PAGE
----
Venues across Denver are doing away with mask and vaccine requirements. Here’s what some had to say about the changes.

“We will continue to monitor the recommendations. But we’re hoping we’re entering that next chapter where our audiences feel comfortable and ready to reengage.”
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The Denver Performing Arts Complex, Sept. 20, 2017. (Kevin J. Beaty/Denverite)

This week, The Denver Performing Arts Complex and its resident companies announced that starting this month, they will faze out proof of vaccination or a negative COVID test requirements for patrons. Masks will also be optional.

The new rule applies to the Denver Center for the Performing Arts (DCPA), Colorado Ballet, the Colorado Symphony and Opera Colorado, which last fall issued a joint policy requiring masks and vaccinations at all Arts Complex shows. Each company now plans to drop those requirements at different times in March, depending on when they have a break in programming -- though some individual tours and productions may have their own requirements.

"It has not escaped our attention that one day, two years following the shuttering of our venues, we were able to lift and ease that policy," said Suzanne Yoe, the DCPA's Director of Communications & Cultural Affairs. "Two years to be away from the stage and to have such restrictions in place was a very long time. And so it almost felt like a bit of a celebration to enter our next chapter.

"We will continue to monitor the recommendations. But we're hoping we're entering that next chapter where our audiences feel comfortable and ready to reengage," Yoe said. "And we're certainly seeing that in our ticket sales, and people are ready to adapt and enjoy live theatre."

As COVID cases have declined in recent weeks in Colorado, venues across Denver have responded by relaxing their health restrictions. 

AEG Presents, the group that produces shows at venues like 1STBANK Center, Bluebird Theater, Ogden Theatre and Gothic Theatre, has already lifted its vaccine requirement. So has CoClubs, the group behind venues like The Church Nightclub, Club Vinyl, Bar Standard and Milk Bar. And just last week, Ball Arena and Paramount Theater announced they would drop their mask, vaccine and testing requirements. Other venues, like Meow Wolf and the MCA, both of which currently require guests to provide proof of vaccination at events but not for general admission, are in the process of reevaluating their health policies.

Some venue operators told Denverite their decision was a response to changing recommendations from local, state and federal health organizations. From a business perspective, there are also some benefits to cutting health requirements. Relaxing health policies can mean a faster, more efficient check-in process, and relieve front-of-house staff from policing patrons.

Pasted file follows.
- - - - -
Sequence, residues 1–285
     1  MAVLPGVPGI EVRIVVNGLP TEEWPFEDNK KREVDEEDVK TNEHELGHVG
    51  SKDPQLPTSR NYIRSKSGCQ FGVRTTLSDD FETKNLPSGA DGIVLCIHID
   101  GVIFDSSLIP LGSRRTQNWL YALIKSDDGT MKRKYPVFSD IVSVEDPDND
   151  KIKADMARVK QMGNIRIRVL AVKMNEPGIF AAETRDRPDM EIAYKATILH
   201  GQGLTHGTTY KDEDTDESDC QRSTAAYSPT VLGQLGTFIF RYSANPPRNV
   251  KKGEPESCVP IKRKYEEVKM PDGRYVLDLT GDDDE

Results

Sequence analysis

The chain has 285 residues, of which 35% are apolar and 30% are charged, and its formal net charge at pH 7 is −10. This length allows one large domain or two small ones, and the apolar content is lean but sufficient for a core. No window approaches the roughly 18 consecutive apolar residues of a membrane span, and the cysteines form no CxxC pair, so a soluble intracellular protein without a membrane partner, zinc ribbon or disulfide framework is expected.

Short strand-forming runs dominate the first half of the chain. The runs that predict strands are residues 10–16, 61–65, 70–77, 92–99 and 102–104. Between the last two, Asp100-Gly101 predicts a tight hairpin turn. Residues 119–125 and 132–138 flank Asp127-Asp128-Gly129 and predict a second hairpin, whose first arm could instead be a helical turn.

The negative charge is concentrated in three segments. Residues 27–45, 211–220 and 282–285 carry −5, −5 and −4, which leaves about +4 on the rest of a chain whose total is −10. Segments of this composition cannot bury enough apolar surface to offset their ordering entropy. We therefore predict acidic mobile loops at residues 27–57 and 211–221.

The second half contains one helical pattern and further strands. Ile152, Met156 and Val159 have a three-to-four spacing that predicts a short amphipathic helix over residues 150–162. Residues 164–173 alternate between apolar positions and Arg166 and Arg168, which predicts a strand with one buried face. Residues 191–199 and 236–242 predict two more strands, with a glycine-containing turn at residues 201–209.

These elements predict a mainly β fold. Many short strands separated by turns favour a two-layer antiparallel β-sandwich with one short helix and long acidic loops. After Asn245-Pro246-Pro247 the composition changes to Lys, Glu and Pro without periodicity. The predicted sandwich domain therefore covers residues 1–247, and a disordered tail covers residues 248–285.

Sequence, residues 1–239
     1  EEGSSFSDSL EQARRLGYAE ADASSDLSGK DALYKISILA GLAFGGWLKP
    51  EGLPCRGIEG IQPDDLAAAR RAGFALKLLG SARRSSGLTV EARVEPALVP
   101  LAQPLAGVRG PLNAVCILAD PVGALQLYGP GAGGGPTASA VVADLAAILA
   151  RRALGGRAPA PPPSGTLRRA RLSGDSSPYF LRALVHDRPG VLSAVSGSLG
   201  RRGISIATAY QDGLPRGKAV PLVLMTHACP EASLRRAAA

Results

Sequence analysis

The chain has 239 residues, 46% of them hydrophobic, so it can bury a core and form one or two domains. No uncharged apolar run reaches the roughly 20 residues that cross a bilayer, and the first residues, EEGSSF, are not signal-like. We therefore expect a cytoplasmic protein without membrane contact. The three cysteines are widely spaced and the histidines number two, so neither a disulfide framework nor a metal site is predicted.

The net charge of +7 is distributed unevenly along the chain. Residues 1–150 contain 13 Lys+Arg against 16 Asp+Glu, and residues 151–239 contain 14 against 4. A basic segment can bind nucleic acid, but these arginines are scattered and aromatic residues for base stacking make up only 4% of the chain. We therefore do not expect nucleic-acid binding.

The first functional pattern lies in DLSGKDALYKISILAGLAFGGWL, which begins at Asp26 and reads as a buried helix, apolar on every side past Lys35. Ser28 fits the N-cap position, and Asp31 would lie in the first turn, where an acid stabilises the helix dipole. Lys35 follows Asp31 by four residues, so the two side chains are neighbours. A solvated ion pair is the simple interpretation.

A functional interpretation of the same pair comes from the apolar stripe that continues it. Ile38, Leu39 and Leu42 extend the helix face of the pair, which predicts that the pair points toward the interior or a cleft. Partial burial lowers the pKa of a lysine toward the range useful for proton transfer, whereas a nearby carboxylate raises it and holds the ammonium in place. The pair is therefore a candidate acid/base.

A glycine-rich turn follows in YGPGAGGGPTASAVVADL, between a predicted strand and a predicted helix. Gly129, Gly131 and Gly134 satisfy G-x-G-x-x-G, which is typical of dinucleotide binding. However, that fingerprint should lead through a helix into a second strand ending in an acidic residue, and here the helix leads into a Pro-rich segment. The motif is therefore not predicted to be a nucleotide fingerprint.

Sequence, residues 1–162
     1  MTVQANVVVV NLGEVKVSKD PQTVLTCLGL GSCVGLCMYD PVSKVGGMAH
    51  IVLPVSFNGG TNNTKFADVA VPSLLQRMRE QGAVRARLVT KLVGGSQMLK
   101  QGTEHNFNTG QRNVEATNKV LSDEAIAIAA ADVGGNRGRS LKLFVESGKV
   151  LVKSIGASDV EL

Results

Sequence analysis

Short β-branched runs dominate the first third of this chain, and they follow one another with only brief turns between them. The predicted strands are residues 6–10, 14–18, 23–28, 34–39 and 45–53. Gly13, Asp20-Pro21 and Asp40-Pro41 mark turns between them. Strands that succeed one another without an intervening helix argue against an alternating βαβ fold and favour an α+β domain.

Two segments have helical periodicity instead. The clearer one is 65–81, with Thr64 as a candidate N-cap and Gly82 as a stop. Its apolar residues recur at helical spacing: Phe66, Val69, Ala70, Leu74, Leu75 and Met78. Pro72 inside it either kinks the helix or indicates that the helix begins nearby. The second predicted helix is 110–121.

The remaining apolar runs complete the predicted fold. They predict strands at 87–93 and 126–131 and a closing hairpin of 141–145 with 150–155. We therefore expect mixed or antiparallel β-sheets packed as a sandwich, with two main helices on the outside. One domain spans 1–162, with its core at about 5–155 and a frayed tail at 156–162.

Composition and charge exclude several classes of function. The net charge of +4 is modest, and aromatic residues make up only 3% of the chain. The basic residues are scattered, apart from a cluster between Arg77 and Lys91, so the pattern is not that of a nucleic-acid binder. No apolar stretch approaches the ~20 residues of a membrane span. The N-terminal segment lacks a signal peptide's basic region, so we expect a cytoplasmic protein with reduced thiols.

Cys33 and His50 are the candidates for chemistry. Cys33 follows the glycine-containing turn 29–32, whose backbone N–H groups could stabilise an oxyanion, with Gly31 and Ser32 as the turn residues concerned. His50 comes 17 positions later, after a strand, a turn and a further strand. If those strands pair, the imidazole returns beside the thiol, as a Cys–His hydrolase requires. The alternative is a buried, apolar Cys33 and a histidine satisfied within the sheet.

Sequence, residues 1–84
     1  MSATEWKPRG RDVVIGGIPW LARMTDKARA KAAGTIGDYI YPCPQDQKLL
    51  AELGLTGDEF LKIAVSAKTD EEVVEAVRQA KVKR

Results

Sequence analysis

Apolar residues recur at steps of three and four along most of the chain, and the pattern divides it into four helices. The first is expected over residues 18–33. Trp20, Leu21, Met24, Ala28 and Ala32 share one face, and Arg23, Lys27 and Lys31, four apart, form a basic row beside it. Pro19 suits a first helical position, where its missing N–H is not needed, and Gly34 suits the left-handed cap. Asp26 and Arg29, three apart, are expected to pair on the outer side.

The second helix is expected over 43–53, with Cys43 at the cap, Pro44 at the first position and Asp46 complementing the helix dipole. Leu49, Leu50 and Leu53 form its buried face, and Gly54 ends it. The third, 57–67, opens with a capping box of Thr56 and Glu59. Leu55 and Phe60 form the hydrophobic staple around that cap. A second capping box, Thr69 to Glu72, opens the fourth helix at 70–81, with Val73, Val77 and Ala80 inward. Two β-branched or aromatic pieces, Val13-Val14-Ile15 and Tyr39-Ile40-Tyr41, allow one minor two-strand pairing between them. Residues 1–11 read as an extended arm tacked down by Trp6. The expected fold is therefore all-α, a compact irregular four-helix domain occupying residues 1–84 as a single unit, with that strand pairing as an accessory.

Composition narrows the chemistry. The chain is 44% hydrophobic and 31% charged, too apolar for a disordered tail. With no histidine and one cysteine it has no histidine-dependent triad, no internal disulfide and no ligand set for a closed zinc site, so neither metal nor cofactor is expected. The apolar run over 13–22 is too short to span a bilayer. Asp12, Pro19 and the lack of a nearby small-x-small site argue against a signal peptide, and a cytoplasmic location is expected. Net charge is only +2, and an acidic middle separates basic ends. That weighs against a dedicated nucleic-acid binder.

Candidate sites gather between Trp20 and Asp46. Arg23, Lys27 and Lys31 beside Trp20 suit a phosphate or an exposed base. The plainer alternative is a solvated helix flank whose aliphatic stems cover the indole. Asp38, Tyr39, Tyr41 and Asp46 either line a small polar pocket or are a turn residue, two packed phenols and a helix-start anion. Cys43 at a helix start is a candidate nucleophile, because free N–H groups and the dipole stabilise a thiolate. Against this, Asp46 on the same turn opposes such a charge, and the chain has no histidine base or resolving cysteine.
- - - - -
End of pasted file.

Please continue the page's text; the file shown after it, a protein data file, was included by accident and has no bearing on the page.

"In a time when hiring and staff retention has been problematic across the nation, sometimes it was difficult to find actual people to help facilitate that," Yoe said.

Still, a few venues are not yet ready to make the change. 

Su Teatro currently requires guests to show proof of vaccination, and to wear masks during shows. Program Coordinator Molly Gallegos says the community theatre group revisits its health policy every week. They've been erring on the side of caution, Gallegos said, because their community is made up of a lot of elders who, along with immunocompromised individuals, are more susceptible to serious illness, as well as young children who can't get vaccinated.

"We are a community theater, and we take that very seriously," Gallegos said. "The last thing we would want is for there to be an outbreak at one of our shows, because then not only do we have to close the show, but we're exposing our community. And it's hit the Latino community so hard already. "

A report by the CDC released in 2020 showed that COVID has disproportionately impacted the Latino community in Denver.

"Our focus is our community. And so we were going to do what it takes to keep them safe," Gallegos said.

She said the Su Teatro team is optimistic that COVID will eventually cease to be a threat. Until then, they are approaching their decision about health requirements on an event-by-event basis.

"I don't really know what our baseline is - like, what is the lowest number of cases that we feel comfortable with," Gallegos said. "I think it's just, how is it going as we were relaxing? Is this still a battle we want to fight? It's hard work, going through and making sure people are keeping their masks on."

Curious Theatre Company currently requires vaccines and masks, and plans to maintain that policy at least until the end of its current production, REFUGE, in early April.

"We feel like there's been so much messaging going out with all the different organizations," said Curious Theatre's Business Director Jeannene Bragg. "We've really been telling our patrons, 'Please bring your proof of vaccination, please bring your mask.' It just feels like it would be very hard to change that mid-show."

She says the company will reevaluate its policy ahead of Curious's next show, which opens in late April. Unless the COVID situation worsens before then, Bragg said, Curious will most likely drop its vaccine requirement, and maybe even their mask requirement.

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